Our operations in Sudan remain very active and we have even recently renewed our contract with a big client, where they also added an additional site for us to service. We have some plans for business expansion in the next year as well. GSS is still considered the leading facility management company in Sudan, and it is the one that is most respected and wanted by the oil and gas sector.
In Iraq, we remain positioned to manage any government contract that might come through one of our international partners. We are also looking into developing our own brands into the market. We launched our Purely brand starting in Iraq, and we are planning to expand in the future. So far, we’ve delivered around 80 tonnes of products into the modern trade. Our range currently includes tuna, legumes and other ready-to-eat canned goods that are of high quality and great value. We are planning to expand into more outlets and are looking into adding Baghdad’s market into the equation as well. Plans are also in the works to extend the range and the number of Purely SKUs.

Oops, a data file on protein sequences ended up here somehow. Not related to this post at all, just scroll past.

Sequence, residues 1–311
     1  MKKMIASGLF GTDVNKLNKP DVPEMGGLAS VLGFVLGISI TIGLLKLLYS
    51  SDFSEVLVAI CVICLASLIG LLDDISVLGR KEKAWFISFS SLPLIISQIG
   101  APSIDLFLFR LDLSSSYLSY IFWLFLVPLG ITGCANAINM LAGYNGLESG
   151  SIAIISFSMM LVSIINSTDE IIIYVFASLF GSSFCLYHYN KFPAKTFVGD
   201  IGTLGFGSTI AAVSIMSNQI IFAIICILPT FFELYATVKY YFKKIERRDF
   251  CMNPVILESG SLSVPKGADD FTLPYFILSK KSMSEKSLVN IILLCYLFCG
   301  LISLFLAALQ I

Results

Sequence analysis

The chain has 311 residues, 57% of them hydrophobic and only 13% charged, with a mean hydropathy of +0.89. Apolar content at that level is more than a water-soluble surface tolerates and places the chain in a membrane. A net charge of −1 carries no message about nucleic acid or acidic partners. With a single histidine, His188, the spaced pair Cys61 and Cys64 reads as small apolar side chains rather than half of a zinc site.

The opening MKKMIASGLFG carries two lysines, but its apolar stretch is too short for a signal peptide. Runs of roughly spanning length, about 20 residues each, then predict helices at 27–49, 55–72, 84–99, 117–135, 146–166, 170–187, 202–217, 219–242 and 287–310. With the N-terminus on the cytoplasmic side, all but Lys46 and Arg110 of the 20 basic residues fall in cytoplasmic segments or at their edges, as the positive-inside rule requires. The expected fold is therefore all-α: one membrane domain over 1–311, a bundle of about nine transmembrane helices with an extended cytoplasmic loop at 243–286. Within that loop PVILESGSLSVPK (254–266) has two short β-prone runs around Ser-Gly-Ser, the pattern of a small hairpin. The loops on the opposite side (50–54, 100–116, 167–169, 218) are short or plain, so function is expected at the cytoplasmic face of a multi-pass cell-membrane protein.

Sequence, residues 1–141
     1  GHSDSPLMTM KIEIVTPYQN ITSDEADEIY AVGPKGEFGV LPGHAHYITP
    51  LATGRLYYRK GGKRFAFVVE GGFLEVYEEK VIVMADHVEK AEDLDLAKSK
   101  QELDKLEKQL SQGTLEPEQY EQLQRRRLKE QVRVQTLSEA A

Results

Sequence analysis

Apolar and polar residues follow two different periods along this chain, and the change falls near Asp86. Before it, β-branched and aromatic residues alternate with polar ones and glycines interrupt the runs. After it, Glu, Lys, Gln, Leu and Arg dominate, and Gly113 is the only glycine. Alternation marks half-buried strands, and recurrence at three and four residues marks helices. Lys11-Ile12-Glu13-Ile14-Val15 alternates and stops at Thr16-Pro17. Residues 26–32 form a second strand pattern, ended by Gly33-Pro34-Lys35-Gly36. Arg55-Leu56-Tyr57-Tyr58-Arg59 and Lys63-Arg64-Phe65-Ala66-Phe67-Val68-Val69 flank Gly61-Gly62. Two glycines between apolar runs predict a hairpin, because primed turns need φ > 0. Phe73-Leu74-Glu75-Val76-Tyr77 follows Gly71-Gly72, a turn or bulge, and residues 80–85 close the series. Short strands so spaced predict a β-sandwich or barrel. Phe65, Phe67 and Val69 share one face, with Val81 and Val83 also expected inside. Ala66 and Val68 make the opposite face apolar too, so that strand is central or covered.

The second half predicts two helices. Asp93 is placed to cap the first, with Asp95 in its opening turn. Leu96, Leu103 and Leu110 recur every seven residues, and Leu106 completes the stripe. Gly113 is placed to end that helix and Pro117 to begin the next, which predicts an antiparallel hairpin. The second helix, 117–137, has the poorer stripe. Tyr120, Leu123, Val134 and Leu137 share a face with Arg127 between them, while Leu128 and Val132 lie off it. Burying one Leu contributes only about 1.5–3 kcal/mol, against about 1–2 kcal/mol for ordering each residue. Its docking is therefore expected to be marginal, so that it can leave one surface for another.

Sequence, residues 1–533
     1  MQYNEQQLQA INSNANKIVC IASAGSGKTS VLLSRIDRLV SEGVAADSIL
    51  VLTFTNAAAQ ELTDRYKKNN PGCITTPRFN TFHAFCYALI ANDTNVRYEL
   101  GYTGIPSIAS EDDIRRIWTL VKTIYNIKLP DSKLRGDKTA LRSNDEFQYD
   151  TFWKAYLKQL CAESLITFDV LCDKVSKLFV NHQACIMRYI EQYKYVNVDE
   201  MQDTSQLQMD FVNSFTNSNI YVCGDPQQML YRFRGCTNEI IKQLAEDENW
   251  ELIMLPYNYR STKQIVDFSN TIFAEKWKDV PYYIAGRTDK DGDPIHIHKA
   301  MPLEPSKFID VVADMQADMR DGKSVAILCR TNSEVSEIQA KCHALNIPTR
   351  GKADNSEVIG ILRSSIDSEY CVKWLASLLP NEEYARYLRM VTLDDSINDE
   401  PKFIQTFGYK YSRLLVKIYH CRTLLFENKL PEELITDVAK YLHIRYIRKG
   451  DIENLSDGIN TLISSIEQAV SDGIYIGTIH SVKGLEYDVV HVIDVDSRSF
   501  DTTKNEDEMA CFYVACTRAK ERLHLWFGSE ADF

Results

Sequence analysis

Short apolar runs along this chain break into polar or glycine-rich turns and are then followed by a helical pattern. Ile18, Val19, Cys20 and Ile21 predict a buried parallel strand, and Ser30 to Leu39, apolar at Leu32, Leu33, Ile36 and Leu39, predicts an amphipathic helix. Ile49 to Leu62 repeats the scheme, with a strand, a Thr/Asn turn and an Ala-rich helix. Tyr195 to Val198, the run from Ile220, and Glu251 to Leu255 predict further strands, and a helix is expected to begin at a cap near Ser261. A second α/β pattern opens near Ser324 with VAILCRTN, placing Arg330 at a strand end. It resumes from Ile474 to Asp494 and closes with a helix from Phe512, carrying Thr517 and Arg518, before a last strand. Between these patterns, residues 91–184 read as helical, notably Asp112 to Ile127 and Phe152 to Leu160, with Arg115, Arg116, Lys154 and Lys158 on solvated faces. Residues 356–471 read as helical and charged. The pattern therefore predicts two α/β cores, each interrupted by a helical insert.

Any updates to share on other divisions you oversee?
I’ve always considered the core of BMMI to be supply chain and sales. On one hand, you have sales, and on the other end you start your supply chain until you deliver to your customers. This then becomes a loop, you keep selling, buying, procuring, and managing your supply chain.
The biggest part of this process is the supply chain, and we continue to focus on project New Dawn, our supply chain optimisation project. We’ve been working on the phases of the project and have completed our analyses and drawn observations and conclusions from that. We’ve then made recommendations on how to move forward. We are now planning to review our processes so that we can come up with a fresh process map. We will then have to identify what system changes will be required to help us with this optimisation.
When it comes to shipping, we are seeing a lot of development in our Saudi operations. While it still remains a difficult market in Bahrain, it is good we invested in a new structure a couple of years ago. With the ease of restrictions related to the pandemic, we’re starting to get more customers and are developing the business further.
On another note, our BLS facility in the Bahrain Logistic Zone in Hidd, as well as our warehouse in Sitra, has helped double our capacity. This ensures we have sufficient capacity for our needs in the future. Meanwhile, the team continues to take on third-party customers to utilise the additional capacity, which will also remain available to our in-house customers in the future.